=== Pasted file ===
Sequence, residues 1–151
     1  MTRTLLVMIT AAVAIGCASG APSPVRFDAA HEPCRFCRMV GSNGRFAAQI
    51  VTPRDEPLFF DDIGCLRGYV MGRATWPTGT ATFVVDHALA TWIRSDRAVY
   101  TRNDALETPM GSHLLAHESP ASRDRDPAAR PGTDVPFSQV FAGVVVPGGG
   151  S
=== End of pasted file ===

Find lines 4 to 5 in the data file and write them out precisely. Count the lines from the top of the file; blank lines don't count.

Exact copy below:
   101  TRNDALETPM GSHLLAHESP ASRDRDPAAR PGTDVPFSQV FAGVVVPGGG
   151  S